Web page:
Perspective · Uncategorized

The Finger Wag

Does it ever feel like people everywhere around you are wagging their fingers in disapproval?

You talked to who?giphy

You were blatantly, yet gently honest about what?

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You fed your kids that?

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You didn’t post anything about this online?

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You get the picture. Everybody has an opinion about what, this, that, who, when, where, and why.  And bless them, thanks to an online presence, they feel the need to share it. Unfortunately, a lot of people are of the reactively, firm feeling that we must all agree on it on every unique detail as well.

Here is where things get sticky. As in all families – and in this nation we are technically one big family – it is incredibly rare for details to be agreed upon. For pete’s sake, have you ever tried to set a time for a holiday with 40 relatives???

What I am pleading for people to ponder is that we don’t have to do everything loudly and as an instantaneous reaction. Consider this Heineken beer ad titled “Worlds Apart.” It suggests actually sitting down for a civil conversation instead of instant judgement and finger wagging.

I offer this and the survey below as a thought process in approaching almost ALL differences of opinion – even the simple ones like if I caved and bought generic Lucky Charms instead of granola for their yogurt.

Do a little mental survey before typing that comment:
1) Is this worth my energy to disagree and debate?
2) Am I coming at this from a place of seeing the big picture or just my own microcosm?
3) Is my response bitter, hateful, and laced with expletives or factual, respectful, and willing to discuss?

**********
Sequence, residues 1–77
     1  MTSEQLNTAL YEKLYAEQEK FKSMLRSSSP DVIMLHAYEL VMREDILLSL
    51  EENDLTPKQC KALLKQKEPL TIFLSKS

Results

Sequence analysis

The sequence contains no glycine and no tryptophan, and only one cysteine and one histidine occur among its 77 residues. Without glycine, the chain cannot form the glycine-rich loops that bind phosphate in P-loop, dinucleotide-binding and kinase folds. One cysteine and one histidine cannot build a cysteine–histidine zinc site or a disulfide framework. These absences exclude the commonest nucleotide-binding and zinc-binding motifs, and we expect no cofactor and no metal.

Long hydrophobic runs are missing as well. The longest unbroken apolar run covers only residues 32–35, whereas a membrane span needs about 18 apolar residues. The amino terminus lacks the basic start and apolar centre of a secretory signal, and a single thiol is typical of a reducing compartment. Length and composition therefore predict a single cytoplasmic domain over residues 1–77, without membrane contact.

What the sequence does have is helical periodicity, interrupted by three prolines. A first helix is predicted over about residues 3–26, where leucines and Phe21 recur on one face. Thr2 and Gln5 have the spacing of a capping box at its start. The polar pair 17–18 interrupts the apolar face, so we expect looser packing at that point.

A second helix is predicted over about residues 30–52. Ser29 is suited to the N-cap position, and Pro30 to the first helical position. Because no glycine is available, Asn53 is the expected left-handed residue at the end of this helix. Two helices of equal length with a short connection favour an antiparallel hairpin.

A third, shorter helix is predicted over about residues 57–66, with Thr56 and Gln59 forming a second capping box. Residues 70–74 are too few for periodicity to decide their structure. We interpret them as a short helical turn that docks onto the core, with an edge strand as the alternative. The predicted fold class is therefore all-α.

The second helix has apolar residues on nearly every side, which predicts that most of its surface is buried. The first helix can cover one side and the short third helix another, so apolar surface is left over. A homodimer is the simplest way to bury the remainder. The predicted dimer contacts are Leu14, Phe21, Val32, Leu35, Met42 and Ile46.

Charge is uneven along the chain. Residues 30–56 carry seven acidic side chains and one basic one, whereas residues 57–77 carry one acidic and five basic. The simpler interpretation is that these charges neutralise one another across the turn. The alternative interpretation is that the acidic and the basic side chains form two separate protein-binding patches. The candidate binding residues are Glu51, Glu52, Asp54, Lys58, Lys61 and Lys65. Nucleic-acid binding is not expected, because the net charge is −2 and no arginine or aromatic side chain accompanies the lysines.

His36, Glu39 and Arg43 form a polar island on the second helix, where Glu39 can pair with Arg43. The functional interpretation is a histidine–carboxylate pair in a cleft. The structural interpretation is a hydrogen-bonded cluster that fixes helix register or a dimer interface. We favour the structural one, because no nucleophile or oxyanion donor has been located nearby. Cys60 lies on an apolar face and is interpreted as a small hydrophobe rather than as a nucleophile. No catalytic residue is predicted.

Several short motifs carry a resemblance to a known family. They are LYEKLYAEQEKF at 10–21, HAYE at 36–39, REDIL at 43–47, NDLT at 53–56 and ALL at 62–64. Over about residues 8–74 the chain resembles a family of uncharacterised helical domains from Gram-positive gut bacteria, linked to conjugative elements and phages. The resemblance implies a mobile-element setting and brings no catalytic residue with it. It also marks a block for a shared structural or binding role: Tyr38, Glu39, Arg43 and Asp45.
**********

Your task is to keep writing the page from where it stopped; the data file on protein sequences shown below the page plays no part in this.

4) Is it possible to seek a compromise? Why or why not?
5) Have I prayed about it?

Monday morning, I was praying about a situation. Specifically, I was asking for peace in my heart over it. As I was praying, it occurred to me clear as day, that maybe I wasn’t supposed to feel peace in this moment? Maybe I was feeling the unease so I could address and work to resolve it. Goodness, that isn’t the easy, comfortable road I was hoping for…

Sometimes thoughtful silence isn’t a blissful moment of ignoring or condoning tough events. Rather, it is part of the process of seeking the best path forward to resolution. An explosive reaction or opinion rarely does anyone well in the long run. So please, stop wagging your finger at me for not joining in the fray.

 

 

**Due to the timing of my post, I’m aware that some may read into this blog entry as being specifically about Charlottesville and/or the state of race relations in the USA. It isn’t. That is feeding into my thoughts, but this is not a direct reflection of that. I am absolutely not condoning or approving in any fashion the behaviors, beliefs or hateful mindset that went into that situation. It was/ is a tragedy. With rare exception, I am not a reactive person. I am processing and trying to understand, other than feeling extreme sadness, nausea, and frustration, how and where to direct my efforts to improve and contribute to our nation healing as a family.**